Resizing Exadata Grid Disks and ASM Disk Groups

In this post, we’ll show you how to resize your Exadata storage cell Grid Disks and the ASM disk groups that reside on them. We’ll assume we’ve a storage environment comprised of different ASM disk groups for different application and database purposes, and further, different Grid Disks to support these ASM disk group requirements. Let’s imagine we want to re-baseline and resize everything.
First, we’ll “clean up” storage created from our various test case data, drop tablespaces, drop ASM disk groups, and resize the DATA_CM01 ASM disk group to add the vacated capacity.
We’ll first start with removing the FLASH_CM01 ASM disk group and the Flash-Based Grid Disks, and after re-create FLASHCACHE:

 

 

 

 

Now we’ll drop Grid Disks, but first let’s list them:

 

 

From this, we’ll create a dcli script to drop them – some of the output is below:

 

 

Next we’ll re-create Flash Cache:

 

 

At this point, or cell flash cards are back to the “best practices” configuration and are wholly purposed for Smart Flash Cache. Let’s try to start our database:

 

 

Uh-oh, when we dropped the ASM disk group FLASH_CM01, it didn’t remove this as a required resource for ora.dbm.db. Let’s check dependencies:

 

 

We can see in the above that the ASM dependencies include FLASH_CM01.dg ASM disk group, as well as DATA_CM01, RECO_CM01, NOSSDATA_CM01, AU1MDATA_CM01, and AU8MDATA_CM01.

We can fix this with a series of srvctl commands:

 

 

OK, we’re still having problems, and it’s because we forgot to drop the FLASH_CM01 tablespace. What’s amazing is that with all my focus on doing “Exadata testing” I’ve forgotten some pretty basic Oracle DBA stuff.

Let’s fix this as below:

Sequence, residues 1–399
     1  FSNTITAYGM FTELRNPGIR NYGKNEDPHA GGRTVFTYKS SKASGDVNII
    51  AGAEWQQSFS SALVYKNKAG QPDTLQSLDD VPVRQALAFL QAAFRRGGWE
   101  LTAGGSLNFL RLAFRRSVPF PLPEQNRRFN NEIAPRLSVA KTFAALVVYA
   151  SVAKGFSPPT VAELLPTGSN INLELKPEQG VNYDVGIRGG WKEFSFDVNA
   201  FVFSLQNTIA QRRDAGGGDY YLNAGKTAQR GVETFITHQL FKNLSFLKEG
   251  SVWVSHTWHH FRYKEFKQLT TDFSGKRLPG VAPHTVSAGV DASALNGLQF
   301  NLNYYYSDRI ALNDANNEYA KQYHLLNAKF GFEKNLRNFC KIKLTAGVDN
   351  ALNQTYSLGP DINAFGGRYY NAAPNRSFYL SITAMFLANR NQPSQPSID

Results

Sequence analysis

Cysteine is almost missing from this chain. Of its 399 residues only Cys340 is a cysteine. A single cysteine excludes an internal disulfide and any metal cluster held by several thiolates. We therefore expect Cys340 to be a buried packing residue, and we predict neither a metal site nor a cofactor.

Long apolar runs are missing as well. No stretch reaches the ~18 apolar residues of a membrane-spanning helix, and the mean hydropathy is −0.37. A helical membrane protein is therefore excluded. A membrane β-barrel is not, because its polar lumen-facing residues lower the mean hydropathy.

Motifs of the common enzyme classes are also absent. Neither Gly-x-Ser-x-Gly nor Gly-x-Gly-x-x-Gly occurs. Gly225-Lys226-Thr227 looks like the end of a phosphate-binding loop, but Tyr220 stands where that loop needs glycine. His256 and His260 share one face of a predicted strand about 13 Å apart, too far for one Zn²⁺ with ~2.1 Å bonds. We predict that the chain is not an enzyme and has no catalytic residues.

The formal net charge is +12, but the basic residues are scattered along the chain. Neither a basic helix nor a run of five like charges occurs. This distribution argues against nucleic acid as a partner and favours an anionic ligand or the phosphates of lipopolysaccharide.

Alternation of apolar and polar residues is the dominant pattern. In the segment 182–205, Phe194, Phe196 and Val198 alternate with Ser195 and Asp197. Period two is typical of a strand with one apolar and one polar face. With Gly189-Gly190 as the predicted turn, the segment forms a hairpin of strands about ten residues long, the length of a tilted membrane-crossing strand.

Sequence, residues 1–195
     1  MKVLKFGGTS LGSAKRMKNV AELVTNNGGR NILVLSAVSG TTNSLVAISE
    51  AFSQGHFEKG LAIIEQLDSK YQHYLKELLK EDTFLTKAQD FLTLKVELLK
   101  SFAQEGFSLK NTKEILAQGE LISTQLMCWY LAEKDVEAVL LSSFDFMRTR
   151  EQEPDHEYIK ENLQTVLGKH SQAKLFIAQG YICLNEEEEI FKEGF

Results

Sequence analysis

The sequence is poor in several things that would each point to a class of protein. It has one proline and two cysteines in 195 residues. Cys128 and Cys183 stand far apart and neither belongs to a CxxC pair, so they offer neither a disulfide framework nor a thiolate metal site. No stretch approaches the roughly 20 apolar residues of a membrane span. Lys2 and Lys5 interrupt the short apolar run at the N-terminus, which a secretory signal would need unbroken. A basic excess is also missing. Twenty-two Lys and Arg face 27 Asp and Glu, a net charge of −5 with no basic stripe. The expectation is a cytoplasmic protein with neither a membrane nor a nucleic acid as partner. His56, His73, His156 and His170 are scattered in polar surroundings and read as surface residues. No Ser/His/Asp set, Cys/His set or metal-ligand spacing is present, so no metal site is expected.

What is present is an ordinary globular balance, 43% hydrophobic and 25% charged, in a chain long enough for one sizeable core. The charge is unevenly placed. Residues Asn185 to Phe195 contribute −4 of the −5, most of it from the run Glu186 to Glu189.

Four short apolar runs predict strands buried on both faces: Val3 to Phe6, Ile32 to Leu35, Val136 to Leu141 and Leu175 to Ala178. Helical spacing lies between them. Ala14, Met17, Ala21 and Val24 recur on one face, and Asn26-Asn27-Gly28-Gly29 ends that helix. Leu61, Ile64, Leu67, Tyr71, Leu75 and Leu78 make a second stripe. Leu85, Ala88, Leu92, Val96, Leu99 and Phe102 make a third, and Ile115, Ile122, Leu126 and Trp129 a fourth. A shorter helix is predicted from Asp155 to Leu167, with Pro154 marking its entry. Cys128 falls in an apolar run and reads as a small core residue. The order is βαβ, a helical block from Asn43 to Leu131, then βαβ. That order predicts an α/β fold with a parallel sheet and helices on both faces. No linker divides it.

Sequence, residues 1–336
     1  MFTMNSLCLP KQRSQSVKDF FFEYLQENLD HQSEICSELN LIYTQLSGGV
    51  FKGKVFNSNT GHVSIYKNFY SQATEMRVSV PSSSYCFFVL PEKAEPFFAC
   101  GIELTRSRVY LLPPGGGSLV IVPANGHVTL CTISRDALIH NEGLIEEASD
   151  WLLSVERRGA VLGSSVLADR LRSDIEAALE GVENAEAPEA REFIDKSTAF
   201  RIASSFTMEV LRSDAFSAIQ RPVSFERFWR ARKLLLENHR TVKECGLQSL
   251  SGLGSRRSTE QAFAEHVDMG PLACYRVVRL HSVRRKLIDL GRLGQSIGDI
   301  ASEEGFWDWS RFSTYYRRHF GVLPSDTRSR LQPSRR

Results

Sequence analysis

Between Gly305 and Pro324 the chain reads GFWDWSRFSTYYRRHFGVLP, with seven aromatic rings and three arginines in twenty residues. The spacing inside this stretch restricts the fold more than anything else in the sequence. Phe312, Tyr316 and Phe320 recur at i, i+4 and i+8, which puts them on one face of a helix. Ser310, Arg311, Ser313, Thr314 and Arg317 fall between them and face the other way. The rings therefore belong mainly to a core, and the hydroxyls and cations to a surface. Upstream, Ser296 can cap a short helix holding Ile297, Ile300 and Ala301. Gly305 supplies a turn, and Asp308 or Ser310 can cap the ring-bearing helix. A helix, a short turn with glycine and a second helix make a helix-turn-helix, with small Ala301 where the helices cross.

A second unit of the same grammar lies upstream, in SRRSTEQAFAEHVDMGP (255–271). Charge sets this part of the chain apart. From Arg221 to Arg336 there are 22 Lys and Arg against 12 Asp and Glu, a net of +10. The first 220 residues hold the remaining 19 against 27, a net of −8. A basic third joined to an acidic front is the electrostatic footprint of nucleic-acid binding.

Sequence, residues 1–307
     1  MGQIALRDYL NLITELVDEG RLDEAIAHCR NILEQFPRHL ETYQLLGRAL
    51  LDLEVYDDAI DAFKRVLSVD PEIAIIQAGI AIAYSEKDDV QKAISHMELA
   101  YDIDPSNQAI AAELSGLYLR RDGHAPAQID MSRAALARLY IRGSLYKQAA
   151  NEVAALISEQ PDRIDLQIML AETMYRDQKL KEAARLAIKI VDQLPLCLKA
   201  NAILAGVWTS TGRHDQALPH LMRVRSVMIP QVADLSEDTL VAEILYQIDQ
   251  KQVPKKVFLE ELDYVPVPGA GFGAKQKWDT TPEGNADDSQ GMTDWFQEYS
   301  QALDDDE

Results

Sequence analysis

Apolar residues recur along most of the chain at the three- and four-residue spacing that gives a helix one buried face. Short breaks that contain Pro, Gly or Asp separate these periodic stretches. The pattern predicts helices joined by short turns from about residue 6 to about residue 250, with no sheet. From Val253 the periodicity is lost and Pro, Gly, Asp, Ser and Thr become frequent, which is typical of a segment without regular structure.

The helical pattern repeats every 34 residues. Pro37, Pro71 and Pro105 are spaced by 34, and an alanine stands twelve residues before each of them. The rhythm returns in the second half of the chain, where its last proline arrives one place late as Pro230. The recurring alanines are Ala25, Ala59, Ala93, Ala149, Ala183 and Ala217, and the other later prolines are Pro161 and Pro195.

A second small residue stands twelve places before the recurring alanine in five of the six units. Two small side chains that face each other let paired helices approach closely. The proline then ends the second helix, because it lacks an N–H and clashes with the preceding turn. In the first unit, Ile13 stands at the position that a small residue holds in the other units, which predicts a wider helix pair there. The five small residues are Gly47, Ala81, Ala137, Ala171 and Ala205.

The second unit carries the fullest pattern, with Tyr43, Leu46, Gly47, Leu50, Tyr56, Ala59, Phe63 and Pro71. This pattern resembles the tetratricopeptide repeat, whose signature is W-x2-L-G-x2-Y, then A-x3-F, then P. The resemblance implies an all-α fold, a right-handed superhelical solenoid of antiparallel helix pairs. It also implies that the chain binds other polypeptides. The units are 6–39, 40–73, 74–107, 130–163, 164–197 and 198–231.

Let’s now move on to the Grid Disks that were created for the various bits of testing above. Below, we’ll drop tables, drop tablespaces (this time let’s remember it), drop ASM disk groups, and drop Grid Disks:

 

 

Then we’ll move on to dropping the ASM disk groups, followed by removing the resource dependencies. I threw in some security issues (with resolution) to keep it real:

 

 

 

 

The failures on the “srvctl disable diskgroup” commands were expected since we dropped the ASM disk groups, this was just a sanity check. Now let’s start the database back up:

 

 

Our DBM database and its instances are up. We’ve got large chunks of space on the cell servers reserved for the testing-related Grid Disks, so let’s get rid of them:

 

 

 

Now we’re going to create “DATA” Grid Disks on the remaining space. We’ll do this using the CREATE GRIDDISK statement in cellcli with a “DATA” prefix.

 

As we can see, it’s complaining on the “create griddisk all prefix=DATA” statement because no available space exists on the Exadata flash cards – recall, we did a “create flashcache all” previously. Once we create Flash Grid Disks, we’ll need to worry about stuff like this.

So let’s try this:

 

 

As we can see, it was unable to create additional Grid Disks and the reason is because we specified the same Grid Disk prefix.

So let’s try with a different prefix:

 

 

We have success. So we need to keep in mind that when we do a “create griddisk all”, we need to make sure to use a different prefix. Of course, we probably should have resized the existing “DATA_%” Grid Disks. So let’s drop the DATA2″ Grid Disks again (output withheld, but it’s like some of the previous examples) and build a script to resize the existing Grid Disks:

 

 

We’ll copy this into a shell script and run it to resize the Grid Disks to 425GB in each case:

 

 

Let’s now check the size of a few of these from cellcli:

 

 

If you recall from previous sections of this document, the size of our DATA_CM01 ASM disk group was 7,372,800 MB. Running this query again, we see the same:

 

 

 

Let’s now resize the ASM disks and rebalance the ASM disk group:

 

 

 

After the rebalance is complete, let’s check space:

 

 

Summary

The steps in this post should help an Exadata Oracle DBA understand the sequence and dependencies for resizing Grid Disks and ASM disk groups.